Does that make more sense now? Let me know if not and i'll clarify further
I am still not following. Maybe you could write up a detailed Visio?
you lost me here:
MX HUB has firewall rule restricting MX spoke network (192.168.2.1) from vlan 1 in vpn (192.168.1.0/24)
*we only enforce firewall rules on outbound/egress traffic. If your applying policy on a Hub formspoke traffic the rules don’t apply.
Are all firewalls in NAT mode?
Is this split or full tunnel (is the default route button checked on the spoke)?
When you say”in vpn” Are you referring to the yes no toggle button for that sites subnets? Keep in mind this is what adds the subnet to the “crypto map” so it is routable or not.
Hope this crude diagram helps. the general idea is that i want office 1 to only see the routes for what applies to office 1, e.g. not the office 2 network or the network where office 2 servers at the data center reside. with firewall rules i can prevent access, but their meraki are still seeing the prefixes that they should not have access to and therefore creating routes. I don't want this to happen.
To answer your questions, I am using NAT transversal. The spokes are operating in split tunnel mode. And yes when i refer to 'in vpn' i am referring to the yes/no toggle for if a subnet should be included in the site-to-site vpn.
@DavidB Did you miss the diagram above? This feature won’t work. Split tunnel mode is being used. Policy is the only method to restrict the requested setup.
Hi, did my diagram clarify any confusion? do you have any suggestions, or if you understand my situation, could you please inquire with your engineering team on if this is a feature request or something that is possible with the current stable firmware?
@PentagonSystems Want to make sure you got my last post that someone in support wasn’t happy with?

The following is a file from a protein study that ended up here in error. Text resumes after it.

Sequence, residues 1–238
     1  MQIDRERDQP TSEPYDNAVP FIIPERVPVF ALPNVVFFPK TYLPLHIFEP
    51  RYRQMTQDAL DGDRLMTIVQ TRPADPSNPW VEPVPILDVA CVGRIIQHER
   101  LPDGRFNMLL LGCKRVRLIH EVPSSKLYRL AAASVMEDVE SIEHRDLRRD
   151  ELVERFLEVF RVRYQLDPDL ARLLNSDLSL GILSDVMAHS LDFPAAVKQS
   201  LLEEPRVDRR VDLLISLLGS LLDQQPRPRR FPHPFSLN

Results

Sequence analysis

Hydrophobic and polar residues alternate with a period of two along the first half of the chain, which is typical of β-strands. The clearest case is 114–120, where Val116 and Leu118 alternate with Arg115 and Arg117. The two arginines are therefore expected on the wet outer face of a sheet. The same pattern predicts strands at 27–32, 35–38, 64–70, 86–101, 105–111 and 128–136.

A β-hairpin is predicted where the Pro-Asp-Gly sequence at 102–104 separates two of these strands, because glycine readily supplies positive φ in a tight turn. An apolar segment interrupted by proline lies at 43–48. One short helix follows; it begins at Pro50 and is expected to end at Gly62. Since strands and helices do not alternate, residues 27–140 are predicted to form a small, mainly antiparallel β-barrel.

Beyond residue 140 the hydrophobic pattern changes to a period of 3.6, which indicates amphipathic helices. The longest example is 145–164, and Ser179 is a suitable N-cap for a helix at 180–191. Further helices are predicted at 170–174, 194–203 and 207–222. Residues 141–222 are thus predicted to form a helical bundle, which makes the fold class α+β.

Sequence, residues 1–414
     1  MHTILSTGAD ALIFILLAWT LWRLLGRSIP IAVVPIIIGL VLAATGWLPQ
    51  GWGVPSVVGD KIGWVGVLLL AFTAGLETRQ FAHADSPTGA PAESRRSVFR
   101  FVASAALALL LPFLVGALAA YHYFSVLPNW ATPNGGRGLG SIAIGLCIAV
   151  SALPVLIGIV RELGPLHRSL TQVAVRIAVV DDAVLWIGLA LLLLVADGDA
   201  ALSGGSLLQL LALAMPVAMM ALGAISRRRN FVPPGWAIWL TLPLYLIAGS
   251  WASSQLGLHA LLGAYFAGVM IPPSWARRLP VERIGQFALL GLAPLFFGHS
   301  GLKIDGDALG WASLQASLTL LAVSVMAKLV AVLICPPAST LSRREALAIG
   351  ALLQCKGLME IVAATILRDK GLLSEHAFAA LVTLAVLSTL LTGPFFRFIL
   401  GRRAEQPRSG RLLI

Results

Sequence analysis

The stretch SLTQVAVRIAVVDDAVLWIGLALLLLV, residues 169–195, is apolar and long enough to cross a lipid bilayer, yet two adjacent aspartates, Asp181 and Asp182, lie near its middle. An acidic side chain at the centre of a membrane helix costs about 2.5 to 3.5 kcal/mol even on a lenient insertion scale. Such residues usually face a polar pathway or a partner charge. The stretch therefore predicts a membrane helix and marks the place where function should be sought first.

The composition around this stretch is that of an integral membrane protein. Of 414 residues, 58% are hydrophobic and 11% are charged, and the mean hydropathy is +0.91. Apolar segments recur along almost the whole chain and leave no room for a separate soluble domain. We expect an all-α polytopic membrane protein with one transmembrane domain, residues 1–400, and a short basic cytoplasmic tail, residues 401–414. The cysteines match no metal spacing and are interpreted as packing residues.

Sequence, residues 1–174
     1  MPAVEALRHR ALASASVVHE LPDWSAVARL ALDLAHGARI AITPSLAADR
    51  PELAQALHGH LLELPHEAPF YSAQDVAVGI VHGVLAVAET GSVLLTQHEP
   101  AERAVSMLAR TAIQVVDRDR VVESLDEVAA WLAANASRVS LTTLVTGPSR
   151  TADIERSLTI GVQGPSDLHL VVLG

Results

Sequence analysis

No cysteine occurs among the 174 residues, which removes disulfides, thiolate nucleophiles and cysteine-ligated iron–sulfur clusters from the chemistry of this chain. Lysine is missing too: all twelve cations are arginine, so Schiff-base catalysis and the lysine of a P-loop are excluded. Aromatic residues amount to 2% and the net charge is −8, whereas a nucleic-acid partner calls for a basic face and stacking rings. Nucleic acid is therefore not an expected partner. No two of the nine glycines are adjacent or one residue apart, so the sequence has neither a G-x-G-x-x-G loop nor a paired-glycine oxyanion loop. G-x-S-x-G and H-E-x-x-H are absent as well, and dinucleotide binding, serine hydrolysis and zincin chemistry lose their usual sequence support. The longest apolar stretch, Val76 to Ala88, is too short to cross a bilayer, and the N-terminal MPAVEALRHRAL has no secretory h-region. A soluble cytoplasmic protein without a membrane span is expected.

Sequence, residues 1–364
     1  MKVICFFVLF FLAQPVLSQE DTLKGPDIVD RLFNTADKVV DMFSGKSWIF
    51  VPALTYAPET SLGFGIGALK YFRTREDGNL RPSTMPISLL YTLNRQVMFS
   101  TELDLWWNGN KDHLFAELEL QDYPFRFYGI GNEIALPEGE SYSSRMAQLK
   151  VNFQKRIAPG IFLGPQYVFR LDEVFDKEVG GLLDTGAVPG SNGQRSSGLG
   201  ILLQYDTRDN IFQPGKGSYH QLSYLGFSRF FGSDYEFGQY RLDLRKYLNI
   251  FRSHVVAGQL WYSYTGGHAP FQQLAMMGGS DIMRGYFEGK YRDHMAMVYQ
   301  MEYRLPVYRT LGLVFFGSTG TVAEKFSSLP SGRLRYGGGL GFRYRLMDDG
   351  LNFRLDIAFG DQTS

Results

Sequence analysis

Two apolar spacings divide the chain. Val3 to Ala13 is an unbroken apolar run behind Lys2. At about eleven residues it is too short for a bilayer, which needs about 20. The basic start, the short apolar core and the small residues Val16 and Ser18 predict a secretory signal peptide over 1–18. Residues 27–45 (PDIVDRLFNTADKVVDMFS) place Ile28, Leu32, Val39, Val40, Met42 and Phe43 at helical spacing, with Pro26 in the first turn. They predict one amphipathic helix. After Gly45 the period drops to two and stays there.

@DCooper: Yes, I did get your suggestion and I do appreciate it. Unfortunately I think for my specific case it's not the right feature, but I definitely can see that being the preferred behavior. That should definitely be added in as an option checkbox.
The reason it wont work for me because I may actually want to have two spokes be able to communicate with each other potentially, but that part is still irrelevant to the real issue, which is that any route that i enable in the vpn is seen by all spokes, hubs, or any member of the organization. My issue isn't specifically that Spoke A can route to Spoke B, as much as Spoke A can see the resources that Hub A may want to provide only to Spoke B.
Unless I have the ability to select what routes I share with each spoke individually, I have to do what I can to make the meraki organization a 'black box'. I think architecturally i can hide these routes from everything in the office networks easily, and any routers they may have they will just have to create static routes for, and then use the firewall to block the access as you originally described. Although I'd much prefer to be able to designate the vpn routes that each spoke should see, I can manage without this.